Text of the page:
What’s in Store for 2014?
A Stock to Watch
By now you’re probably sick about hearing of New Year’s resolutions. Even so, I like to write down some New Year’s investing resolutions every January, and I think you might get a valuable nugget or two out of them. So here are 10 to consider (in no particular order):
1. Cut ALL losses short. You’ve read enough about this one, from me and others, so I’ll just leave it as is.
2. Calculate your risk for every trade before (or as soon as) you execute it. That means you’re effectively telling yourself, “I’m buying XYZ at 50 a share, and I’m buying $10,000 worth of it. If it falls 15%, I’m selling, no questions asked, which means my total risk is $1,500.” It’s just that simple … but it means you’re not extending yourself too far if things go awry.
3. Keep records of every stock you buy and sell. You can’t expect to learn if you don’t review at least some of your trades (preferably, the really good ones and really bad ones). You don’t have to be overly meticulous, but keeping transaction records, printing out a few charts and jotting down some notes (on why you bought or sold) every few weeks can prove valuable.
4. Keep records of your portfolio. Far too many investors simply go day-to-day, week-to-week, without really knowing how much money they’re making or losing. I know you get statements, but you should also enter your portfolio’s total value into a spreadsheet at the end of each month. (Don’t do it every day … it can be overwhelming and tedious.) Make a few charts to track how you’re doing, too.
5. Set performance goals. It’s easy to say, “I want to make 50% this year!” But better goals might be, “I’m going to outperform the market by 15%,” or “I’m going to avoid having three losing months in a row.” In other words, something that’s more under your control, as opposed to effectively hoping the market acts well (which might allow you to make 50%).
6. Find someone else to share your goals, successes and failures with. Goals are nice, but if you’re the only one who knows them, it’s too easy to lose track of them. Thus, even if it’s someone who’s not in the market (you might share some investment goals with your spouse, and he/she might share some professional goals with you), letting someone else in on your aspirations is a good thing.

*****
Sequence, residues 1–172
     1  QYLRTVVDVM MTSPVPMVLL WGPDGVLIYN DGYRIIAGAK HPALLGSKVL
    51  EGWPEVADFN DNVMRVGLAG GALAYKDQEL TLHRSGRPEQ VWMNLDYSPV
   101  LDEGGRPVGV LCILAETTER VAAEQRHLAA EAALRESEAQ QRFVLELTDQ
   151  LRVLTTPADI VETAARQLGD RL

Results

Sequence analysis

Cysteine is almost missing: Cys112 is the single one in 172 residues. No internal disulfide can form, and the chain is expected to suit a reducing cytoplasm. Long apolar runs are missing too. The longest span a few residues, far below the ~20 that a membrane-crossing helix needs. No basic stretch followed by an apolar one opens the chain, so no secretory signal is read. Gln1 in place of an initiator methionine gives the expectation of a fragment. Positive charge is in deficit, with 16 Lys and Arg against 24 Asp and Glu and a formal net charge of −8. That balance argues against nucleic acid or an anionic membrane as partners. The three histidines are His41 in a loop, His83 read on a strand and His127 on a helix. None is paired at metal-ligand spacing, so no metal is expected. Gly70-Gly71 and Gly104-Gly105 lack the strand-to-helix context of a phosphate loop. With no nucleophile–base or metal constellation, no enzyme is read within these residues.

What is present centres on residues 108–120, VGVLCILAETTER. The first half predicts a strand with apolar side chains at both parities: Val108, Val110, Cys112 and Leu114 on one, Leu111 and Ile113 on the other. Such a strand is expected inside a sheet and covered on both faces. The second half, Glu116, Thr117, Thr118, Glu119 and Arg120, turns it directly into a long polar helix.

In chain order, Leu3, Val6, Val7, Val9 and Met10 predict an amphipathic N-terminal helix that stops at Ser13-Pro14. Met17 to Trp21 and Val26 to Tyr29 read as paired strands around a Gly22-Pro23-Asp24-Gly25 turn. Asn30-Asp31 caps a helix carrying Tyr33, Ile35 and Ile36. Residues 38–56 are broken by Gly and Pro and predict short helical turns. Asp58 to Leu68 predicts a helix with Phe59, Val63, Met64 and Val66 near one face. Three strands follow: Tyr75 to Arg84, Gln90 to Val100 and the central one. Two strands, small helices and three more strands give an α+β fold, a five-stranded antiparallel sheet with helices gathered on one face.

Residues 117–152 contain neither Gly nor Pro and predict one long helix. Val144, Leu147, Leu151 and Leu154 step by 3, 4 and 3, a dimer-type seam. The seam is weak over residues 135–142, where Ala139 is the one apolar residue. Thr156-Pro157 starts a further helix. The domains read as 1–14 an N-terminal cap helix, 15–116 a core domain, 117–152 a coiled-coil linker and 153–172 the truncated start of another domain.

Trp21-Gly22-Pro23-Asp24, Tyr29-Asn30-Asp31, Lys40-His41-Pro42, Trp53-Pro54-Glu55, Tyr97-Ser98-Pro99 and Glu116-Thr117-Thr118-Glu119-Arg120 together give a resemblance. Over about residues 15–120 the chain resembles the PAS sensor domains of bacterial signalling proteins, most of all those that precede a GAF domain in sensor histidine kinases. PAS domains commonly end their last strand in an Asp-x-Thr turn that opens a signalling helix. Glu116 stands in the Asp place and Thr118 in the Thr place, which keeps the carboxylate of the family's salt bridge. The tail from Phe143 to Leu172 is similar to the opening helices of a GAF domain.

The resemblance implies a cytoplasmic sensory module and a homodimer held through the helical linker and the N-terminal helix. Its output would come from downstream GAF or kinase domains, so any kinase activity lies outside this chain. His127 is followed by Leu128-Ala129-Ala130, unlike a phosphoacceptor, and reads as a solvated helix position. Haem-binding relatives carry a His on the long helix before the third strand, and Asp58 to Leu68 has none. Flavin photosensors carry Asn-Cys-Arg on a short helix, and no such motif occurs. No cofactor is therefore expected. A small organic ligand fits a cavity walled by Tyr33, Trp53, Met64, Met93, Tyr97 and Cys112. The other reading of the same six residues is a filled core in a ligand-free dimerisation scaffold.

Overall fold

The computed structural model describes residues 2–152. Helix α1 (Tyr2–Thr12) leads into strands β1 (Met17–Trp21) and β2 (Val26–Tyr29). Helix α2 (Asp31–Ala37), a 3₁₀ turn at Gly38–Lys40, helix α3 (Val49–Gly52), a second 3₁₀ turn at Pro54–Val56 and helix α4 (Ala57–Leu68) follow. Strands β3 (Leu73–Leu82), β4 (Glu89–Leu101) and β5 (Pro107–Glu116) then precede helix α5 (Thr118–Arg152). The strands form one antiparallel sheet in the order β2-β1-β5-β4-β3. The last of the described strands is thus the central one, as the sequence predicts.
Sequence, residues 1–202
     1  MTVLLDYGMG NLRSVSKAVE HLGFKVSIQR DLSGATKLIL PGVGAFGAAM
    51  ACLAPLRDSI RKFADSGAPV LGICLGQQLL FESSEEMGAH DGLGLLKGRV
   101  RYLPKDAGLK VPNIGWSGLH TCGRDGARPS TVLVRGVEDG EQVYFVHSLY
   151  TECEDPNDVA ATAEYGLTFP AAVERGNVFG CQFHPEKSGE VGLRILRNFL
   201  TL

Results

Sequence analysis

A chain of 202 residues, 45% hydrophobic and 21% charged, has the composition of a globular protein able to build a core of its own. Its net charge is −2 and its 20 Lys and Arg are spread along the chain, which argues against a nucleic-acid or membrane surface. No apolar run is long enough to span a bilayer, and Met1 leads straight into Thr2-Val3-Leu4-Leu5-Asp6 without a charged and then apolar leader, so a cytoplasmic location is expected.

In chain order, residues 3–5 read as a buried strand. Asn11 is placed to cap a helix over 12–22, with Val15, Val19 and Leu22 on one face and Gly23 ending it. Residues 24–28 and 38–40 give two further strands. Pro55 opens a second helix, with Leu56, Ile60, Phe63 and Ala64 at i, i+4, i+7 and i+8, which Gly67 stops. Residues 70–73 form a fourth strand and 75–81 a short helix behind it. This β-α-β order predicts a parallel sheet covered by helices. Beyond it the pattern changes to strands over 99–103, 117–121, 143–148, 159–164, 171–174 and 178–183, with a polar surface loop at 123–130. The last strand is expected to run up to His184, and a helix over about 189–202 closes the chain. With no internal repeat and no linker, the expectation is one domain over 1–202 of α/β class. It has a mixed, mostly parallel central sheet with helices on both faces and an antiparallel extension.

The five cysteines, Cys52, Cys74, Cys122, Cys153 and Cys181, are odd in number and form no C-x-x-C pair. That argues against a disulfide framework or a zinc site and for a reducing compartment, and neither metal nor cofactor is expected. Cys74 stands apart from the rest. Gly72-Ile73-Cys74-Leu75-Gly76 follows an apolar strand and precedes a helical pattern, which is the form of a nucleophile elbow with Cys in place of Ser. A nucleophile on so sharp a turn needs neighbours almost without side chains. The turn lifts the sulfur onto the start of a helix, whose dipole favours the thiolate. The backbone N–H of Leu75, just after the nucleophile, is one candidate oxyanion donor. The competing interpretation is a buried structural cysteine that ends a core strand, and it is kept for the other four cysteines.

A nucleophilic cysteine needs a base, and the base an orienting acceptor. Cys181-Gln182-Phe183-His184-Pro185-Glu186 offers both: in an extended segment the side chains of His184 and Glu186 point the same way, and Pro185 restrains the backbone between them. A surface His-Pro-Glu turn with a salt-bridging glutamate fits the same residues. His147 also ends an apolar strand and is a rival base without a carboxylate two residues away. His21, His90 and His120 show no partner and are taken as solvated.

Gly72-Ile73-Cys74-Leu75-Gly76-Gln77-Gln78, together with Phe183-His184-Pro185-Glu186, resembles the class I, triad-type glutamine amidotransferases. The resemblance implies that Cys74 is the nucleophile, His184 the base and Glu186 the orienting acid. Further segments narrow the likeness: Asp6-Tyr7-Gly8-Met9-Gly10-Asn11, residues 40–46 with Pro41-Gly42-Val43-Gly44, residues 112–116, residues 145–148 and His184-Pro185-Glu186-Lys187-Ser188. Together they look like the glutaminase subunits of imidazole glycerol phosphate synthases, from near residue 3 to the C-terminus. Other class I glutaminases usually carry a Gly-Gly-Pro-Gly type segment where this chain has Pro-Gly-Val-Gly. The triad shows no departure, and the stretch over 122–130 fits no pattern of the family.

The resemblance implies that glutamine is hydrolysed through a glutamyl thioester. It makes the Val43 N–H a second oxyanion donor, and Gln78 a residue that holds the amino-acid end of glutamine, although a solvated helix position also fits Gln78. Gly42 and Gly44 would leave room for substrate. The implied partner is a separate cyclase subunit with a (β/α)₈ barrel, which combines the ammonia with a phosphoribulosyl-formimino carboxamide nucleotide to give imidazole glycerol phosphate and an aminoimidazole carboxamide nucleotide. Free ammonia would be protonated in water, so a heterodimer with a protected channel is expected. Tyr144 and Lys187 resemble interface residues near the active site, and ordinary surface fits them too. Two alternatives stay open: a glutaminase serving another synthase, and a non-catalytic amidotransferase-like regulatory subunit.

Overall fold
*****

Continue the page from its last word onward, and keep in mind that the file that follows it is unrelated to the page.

7. Set a maximum percent-invested position when the market’s trend is down. You may want to alter this resolution, but the point here is to force yourself to respect market timing. If the market turns down (possibly as depicted by our Cabot Tides, which measures the intermediate-term trend), you want to raise at least some cash.
8. Sell some winners on the way up. I call this “forcing yourself to fall out of love.” In my experience, most investors hate to sell their stocks, both winners and losers. Hooey! If this is you, then you should try to sell some of your shares on the way up in 2014 … yes, even if the stock still acts great. Doing so will put some profits in your pocket, while also getting you mentally accustomed to selling offensively, instead of defensively (i.e., waiting for a stop to be hit, etc.).
9. Reward yourself. Too many investors buy and sell, buy and sell, until the profits and losses lose some of their meaning. Thus, if you have a good first six months of 2014, or a good quarter, or even one superb trade (say, doubling your money on a stock), don’t be afraid to take some of those winnings out of your brokerage account and enjoy them; take your spouse out to a fancy dinner or plan a family vacation. If it’s a retirement account you’re using, you can’t take the money out … but you can still use some of your “regular” money to reward yourself for a job well done.
10. Take a couple of regular breaks during the year, and also a couple of spontaneous ones if your stress level gets too high. If you’ve made a few losing trades in a row, or if you’re in the midst of a losing streak, there’s nothing wrong with walking away for a week or so, taking a deep breath, and re-assessing. The investors who keep forcing the issue usually are the ones that dig themselves into deep holes.